by Mita Majumdar on  April 4, 2013 at 11:55 AM Health Watch
 Genes and Wheezing Illness Combination Make Children Susceptible to Asthma
Interaction between wheezing illness and certain genes early in life may lead to developing asthma by age six, according to a new study published in the New England Journal of Medicine.

Respiratory viral infections, especially human rhinovirus (HRV) account for approximately 80 percent of asthma triggers in children. And infants who have HRV infections with wheezing problems have an increased risk for developing asthma in childhood. But HRV does not always lead to wheezing illness in children, nor does wheezing illness cause asthma in all cases. Since asthma is also hereditary, genes probably have a big role to play.

So, to find out how genes and wheezing illness caused by HRV or respiratory syncytial virus (RSV) in infancy are connected in the development of asthma in children, Minal Caliskan and colleagues at the Department of Human Genetics, University of Chicago, studied the data from two groups of children -

- 200 children from the Childhood Origins of Asthma (COAST) group who had at least one parent with asthma and /or respiratory allergies. The kids were followed from birth to age 6.

- 297 children from the Copenhagen Prospective Study on Asthma in Childhood (COPSAC) group who had mothers with asthma. These children were followed from birth to age 7.

In addition the investigation also included 100 unrelated adults.

The genes in question here are gene variants in the region of chromosome 17q21 which earlier studies found to be strongly and reproducibly associated with childhood onset asthma. The present study investigated the role of expression levels of two 17q21 genes, GSDMB ORMDL3.

Results were interesting:

- the risk for developing asthma was 5-fold in children with HRV and wheezing;

- the risk for developing asthma was 2-fold in children with the identified asthma associated 17q21 gene variants;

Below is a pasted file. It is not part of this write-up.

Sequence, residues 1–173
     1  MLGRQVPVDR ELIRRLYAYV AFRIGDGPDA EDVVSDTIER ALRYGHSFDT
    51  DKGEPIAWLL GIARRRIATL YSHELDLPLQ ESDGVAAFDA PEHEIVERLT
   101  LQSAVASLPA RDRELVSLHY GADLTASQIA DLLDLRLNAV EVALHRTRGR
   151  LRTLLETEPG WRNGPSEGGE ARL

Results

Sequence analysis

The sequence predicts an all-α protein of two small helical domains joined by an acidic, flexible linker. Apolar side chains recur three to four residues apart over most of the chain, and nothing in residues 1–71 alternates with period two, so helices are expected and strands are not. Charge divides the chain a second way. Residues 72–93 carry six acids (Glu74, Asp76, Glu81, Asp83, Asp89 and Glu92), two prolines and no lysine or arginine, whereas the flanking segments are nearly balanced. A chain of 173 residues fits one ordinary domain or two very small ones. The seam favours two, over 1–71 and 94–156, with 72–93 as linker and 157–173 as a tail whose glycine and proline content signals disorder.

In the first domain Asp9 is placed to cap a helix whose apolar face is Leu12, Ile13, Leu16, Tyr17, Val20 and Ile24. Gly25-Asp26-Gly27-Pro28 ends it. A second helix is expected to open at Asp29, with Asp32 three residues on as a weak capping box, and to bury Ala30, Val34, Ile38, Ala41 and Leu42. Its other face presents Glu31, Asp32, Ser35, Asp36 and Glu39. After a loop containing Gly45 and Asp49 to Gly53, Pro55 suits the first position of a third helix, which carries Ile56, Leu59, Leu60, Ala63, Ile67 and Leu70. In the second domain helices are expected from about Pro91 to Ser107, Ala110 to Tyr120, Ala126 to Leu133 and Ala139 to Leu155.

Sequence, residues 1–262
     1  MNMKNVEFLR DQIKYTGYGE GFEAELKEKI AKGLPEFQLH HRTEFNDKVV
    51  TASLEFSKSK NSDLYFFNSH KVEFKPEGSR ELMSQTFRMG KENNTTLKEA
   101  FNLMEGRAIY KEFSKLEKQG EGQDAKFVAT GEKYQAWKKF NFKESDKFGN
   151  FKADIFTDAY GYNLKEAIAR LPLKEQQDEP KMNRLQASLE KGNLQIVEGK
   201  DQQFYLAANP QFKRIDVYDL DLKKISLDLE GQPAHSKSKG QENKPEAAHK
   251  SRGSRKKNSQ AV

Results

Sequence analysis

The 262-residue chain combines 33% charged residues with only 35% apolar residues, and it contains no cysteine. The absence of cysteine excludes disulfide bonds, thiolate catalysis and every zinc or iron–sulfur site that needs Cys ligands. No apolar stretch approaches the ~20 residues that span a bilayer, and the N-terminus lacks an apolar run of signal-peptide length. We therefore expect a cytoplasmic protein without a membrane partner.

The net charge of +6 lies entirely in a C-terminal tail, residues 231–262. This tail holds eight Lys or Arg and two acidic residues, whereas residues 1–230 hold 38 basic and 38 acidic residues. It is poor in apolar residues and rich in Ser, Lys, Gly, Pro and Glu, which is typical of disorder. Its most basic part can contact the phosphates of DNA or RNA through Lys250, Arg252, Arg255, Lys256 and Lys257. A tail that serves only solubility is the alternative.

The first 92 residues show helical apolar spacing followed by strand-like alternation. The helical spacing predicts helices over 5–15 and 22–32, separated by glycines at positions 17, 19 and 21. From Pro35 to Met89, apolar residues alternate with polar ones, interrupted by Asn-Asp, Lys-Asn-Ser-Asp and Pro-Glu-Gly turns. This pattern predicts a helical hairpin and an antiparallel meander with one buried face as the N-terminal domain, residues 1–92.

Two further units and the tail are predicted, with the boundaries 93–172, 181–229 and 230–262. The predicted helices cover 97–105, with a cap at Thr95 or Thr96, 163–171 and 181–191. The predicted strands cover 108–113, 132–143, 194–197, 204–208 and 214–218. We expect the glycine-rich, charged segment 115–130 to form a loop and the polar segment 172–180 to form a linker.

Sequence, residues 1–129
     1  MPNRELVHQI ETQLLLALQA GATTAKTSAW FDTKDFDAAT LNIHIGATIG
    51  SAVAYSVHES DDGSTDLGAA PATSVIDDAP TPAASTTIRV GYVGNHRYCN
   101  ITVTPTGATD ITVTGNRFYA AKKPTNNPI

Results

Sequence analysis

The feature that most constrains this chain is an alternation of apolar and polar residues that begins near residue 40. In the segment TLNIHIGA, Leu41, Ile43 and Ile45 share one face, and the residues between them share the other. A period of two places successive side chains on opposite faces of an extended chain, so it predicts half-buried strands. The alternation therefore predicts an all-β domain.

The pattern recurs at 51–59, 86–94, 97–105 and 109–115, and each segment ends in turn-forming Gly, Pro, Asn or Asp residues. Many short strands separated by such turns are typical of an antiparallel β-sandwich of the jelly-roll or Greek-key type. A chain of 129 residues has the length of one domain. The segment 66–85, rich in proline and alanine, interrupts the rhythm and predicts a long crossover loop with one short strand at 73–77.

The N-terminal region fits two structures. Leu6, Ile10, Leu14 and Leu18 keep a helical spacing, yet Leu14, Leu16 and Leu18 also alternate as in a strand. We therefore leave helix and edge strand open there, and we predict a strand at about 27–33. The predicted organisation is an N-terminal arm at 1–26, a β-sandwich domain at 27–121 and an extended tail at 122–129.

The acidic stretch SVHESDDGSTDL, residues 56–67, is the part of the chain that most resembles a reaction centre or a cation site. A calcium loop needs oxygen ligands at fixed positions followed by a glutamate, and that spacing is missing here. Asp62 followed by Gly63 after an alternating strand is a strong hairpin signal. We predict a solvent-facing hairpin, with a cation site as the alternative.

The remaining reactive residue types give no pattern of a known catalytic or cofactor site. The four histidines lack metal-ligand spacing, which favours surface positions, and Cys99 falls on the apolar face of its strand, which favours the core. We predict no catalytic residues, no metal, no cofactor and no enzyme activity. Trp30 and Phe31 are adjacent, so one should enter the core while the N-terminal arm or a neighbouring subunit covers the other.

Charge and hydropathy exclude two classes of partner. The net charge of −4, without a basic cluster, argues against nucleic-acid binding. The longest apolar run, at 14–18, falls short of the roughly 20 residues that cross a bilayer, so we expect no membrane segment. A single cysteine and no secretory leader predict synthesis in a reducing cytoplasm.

- the risk for developing asthma was 26-fold in children with both, HRV with wheezing and asthma genes;

- the overall prevalence of asthma was lower in the COPSAC cohort than in the COAST cohort, maybe because the rate HRV wheezing illness was lower in COPSAC group and also because the diagnosis of asthma required a response to a 3-month course of inhaled glucocorticoids followed by a relapse after treatment was stopped;

- wheezing caused by respiratory syncytial virus (RSV) did not show the same interaction;

"The combination of genetic predisposition and the child's response to this infection has a huge effect," said Carole Ober, co-author of the study.

Although scientists are not very clear on how the genes at the 17q21 locus lead to asthma, they suspect that ORMDL3 may play a role in viral respiratory infections. To investigate how exposure to HRV altered expression of the asthma genes 17q21, the researchers in this study collected blood samples from 100 adults and exposed the immune-system cells from the blood to HRV. As expected, ORMDL3 showed a huge response by more than doubling its presence in the exposed cells.

'Over expression of ORMDL3 may increase the efficiency of the infection or viral replication in respiratory epithelial cells, which are the site of HRV infection and replication, and possibly reduce the ability of these cells to repair themselves after HRV infection,' according to Minal Caliskan, the lead author of this study.

She concluded - 'this study establishes a role of 17q21 variants in the development of HRV wheezing illnesses during early childhood and shows that the effects of the 17q21 genotype on the susceptibility to asthma are seen primarily in the subgroup of children who have had an HRV wheezing illness in early childhood' and suggested further investigations into the' joint effects of genetic and environmental risk factors' to understand the mechanisms of complex diseases.

Reference : Çaliskan M et al. Rhinovirus wheezing illness and genetic risk of childhood-onset asthma. N Engl J Med 2013 Mar 27.

Source: Medindia

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